IRS Innocent Spouse Relief

Did you know that you can get out of the tax debt due to the misdeeds or fraud committed by your spouse?

By requesting innocent spouse relief, you can be relieved of responsibility for paying tax, interest, and penalties if your spouse (or former spouse) improperly reported items or omitted items on your tax return. Generally, the tax, interest, and penalties that qualify for relief can only be collected from your spouse (or former spouse.) However, you are jointly and individually responsible for any tax, interest, and penalties that do not qualify for relief. The IRS can collect these amounts from either you or your spouse (or former spouse.)

The IRS will figure the tax you are responsible for after you file Form 8857. You are not required to figure this amount. But if you wish, you can figure it yourself. See How To Allocate the Understatement of Tax, within Publication 971 (PDF).

You must meet all of the following conditions to qualify for innocent spouse relief.

  • You filed a joint return which has an understatement of tax due to erroneous items, defined below, of your spouse (or former spouse).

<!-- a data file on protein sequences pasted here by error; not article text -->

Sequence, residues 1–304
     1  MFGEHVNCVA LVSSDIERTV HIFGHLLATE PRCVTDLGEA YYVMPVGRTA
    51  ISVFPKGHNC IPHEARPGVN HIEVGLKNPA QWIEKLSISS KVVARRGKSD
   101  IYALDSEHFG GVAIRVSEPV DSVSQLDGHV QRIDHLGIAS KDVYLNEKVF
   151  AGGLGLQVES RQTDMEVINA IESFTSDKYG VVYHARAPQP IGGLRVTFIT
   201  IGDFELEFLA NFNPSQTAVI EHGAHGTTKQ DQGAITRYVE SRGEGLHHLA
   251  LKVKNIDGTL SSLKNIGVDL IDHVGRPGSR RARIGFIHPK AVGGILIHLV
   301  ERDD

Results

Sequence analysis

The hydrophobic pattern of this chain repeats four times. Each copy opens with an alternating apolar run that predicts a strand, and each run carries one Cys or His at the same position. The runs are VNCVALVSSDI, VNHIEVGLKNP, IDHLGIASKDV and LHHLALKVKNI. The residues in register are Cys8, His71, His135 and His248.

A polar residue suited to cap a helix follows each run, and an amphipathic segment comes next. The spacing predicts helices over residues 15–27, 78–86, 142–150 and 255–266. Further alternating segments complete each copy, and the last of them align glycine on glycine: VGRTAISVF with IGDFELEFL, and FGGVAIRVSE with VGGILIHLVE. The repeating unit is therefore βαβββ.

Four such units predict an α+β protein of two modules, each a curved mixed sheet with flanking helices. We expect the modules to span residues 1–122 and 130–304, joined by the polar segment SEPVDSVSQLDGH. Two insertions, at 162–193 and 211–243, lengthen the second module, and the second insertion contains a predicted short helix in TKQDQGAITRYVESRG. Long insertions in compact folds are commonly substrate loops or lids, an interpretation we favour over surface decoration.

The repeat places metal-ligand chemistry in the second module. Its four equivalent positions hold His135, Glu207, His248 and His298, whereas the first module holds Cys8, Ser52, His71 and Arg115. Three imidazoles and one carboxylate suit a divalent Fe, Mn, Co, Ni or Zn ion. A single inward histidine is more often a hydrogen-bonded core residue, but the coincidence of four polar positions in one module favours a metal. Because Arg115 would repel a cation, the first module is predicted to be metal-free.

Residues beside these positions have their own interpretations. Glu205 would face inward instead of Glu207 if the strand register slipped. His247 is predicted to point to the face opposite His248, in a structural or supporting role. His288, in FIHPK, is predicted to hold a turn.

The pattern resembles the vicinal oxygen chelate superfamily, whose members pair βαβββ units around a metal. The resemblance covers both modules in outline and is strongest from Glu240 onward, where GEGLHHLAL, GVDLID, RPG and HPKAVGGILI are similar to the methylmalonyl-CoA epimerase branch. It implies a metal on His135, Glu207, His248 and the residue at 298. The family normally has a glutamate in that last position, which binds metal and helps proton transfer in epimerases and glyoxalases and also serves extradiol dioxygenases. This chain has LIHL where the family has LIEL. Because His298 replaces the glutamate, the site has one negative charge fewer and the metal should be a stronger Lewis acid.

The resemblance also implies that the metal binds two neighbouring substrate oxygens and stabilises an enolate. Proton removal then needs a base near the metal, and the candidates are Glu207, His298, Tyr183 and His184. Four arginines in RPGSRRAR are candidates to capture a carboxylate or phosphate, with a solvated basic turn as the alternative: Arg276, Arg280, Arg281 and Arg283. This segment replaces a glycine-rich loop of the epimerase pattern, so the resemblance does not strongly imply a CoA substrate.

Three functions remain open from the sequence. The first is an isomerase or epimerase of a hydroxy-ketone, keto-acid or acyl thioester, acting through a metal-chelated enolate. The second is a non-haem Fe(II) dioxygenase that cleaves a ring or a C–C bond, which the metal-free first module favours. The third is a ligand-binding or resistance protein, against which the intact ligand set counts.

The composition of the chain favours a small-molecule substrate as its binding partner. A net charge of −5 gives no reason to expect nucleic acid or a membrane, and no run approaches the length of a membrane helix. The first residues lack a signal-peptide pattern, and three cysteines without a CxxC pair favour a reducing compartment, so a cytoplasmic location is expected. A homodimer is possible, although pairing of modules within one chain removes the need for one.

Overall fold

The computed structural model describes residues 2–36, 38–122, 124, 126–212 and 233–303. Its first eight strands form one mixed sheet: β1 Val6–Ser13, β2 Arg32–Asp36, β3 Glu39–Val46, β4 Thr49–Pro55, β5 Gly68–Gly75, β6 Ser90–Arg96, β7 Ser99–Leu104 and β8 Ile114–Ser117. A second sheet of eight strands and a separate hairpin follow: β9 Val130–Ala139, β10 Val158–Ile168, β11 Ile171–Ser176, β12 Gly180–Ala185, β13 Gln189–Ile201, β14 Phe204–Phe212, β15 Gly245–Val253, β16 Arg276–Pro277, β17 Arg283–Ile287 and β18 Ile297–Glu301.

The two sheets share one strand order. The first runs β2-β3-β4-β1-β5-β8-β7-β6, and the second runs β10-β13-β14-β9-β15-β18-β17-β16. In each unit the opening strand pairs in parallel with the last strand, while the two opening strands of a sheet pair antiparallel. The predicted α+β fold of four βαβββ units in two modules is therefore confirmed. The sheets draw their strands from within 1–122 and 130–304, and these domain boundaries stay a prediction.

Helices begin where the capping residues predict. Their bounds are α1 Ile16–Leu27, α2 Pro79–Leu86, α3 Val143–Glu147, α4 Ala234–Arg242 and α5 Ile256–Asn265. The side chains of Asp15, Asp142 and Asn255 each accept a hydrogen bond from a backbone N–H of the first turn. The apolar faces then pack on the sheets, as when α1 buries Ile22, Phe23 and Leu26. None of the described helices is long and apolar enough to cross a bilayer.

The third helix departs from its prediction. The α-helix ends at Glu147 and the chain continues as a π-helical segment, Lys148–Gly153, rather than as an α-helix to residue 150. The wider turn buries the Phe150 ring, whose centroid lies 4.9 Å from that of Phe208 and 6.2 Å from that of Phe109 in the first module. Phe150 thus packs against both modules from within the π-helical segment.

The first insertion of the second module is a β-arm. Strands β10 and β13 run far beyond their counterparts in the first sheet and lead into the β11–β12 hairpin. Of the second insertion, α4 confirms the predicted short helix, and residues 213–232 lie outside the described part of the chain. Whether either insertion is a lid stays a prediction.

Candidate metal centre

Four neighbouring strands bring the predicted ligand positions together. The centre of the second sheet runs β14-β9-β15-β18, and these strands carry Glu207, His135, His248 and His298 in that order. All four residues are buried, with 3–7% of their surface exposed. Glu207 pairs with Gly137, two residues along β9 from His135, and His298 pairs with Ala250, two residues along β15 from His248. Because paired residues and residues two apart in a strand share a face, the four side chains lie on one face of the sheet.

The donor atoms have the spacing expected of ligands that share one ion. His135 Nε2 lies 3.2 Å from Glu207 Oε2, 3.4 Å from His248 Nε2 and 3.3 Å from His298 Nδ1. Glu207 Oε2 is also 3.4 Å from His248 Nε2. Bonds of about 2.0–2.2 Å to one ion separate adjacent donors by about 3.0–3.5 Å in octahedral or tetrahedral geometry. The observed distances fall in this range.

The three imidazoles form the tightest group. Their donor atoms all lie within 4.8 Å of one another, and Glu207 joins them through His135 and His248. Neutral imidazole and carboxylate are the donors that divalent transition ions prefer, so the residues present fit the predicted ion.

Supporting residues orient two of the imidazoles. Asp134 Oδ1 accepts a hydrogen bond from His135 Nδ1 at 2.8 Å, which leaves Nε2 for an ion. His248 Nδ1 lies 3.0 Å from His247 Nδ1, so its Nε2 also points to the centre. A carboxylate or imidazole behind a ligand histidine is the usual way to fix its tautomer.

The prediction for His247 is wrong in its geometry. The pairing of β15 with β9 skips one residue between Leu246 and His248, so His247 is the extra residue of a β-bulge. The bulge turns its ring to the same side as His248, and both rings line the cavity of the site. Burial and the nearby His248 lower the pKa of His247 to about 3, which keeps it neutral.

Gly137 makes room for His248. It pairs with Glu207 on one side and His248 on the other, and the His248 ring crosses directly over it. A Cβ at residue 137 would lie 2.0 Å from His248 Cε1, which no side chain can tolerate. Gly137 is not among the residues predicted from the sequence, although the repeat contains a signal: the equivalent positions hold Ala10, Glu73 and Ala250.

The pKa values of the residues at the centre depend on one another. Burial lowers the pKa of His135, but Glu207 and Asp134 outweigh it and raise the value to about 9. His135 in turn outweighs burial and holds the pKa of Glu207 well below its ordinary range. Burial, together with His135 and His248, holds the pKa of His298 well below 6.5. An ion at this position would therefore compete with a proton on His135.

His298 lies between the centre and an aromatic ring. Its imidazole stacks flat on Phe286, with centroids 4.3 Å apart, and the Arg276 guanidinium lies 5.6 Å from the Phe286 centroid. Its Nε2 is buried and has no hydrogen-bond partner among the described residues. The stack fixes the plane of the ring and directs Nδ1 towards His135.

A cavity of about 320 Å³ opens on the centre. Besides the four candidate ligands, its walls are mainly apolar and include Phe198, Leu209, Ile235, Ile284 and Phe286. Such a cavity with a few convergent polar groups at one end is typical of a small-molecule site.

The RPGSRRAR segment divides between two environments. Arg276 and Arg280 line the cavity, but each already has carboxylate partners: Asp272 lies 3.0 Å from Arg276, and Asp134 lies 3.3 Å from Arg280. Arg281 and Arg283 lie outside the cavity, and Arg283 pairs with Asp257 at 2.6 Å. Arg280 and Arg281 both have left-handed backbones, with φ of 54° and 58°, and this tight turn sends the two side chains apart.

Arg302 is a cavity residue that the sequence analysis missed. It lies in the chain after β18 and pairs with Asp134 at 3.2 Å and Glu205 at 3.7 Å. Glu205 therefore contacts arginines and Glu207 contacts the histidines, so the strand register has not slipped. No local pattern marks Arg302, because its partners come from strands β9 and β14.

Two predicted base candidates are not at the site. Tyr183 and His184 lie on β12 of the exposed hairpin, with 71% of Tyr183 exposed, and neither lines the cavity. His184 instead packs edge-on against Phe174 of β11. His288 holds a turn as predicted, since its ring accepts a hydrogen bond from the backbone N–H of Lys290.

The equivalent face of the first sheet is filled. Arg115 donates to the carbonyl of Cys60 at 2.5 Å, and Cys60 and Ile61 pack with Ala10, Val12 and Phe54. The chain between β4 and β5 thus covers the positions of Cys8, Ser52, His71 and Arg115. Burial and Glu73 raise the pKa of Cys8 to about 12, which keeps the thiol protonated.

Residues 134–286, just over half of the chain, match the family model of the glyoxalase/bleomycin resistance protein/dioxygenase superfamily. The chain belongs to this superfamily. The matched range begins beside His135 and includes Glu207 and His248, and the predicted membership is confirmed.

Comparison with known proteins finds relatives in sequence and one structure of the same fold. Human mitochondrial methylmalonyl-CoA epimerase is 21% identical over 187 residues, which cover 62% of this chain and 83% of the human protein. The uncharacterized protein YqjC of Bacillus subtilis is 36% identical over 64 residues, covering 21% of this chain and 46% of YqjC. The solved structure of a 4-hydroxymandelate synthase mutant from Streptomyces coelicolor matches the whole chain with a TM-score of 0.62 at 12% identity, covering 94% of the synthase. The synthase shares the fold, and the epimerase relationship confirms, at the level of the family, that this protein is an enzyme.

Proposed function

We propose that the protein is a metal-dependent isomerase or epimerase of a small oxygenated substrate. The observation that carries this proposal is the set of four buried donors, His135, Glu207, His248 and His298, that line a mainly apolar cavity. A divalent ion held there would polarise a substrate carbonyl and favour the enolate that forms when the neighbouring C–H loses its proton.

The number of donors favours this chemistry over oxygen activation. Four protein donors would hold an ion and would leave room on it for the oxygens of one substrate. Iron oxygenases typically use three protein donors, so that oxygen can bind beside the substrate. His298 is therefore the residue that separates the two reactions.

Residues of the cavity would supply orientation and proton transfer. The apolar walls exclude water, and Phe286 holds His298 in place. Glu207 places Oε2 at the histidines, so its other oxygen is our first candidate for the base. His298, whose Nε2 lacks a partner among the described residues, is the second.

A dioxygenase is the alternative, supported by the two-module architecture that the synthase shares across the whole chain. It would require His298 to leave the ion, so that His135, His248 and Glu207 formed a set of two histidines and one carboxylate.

• You establish that at the time you signed the joint return you did not know, and had no reason to know, that there was an understatement of tax. See Actual Knowledge or Reason to Know, defined below.
  • Taking into account all the facts and circumstances, it would be unfair to hold you liable for the understatement of tax. See Indications of Unfairness for Innocent Spouse Relief, below.
  • You and your spouse (or former spouse) have not transferred property to one another as part of a fraudulent scheme. A fraudulent scheme includes a scheme to defraud the IRS or another third party, such as a creditor, ex-spouse, or business partner.

Erroneous Items

Erroneous items are either of the following.

  • Unreported income. This is any gross income item received by your spouse (or former spouse) that is not reported.
  • Incorrect deduction, credit, or basis. This is any improper deduction, credit, or property basis claimed by your spouse (or former spouse).

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Tax Debt Resolution for Individuals who owe $50,000 or less to the IRS.









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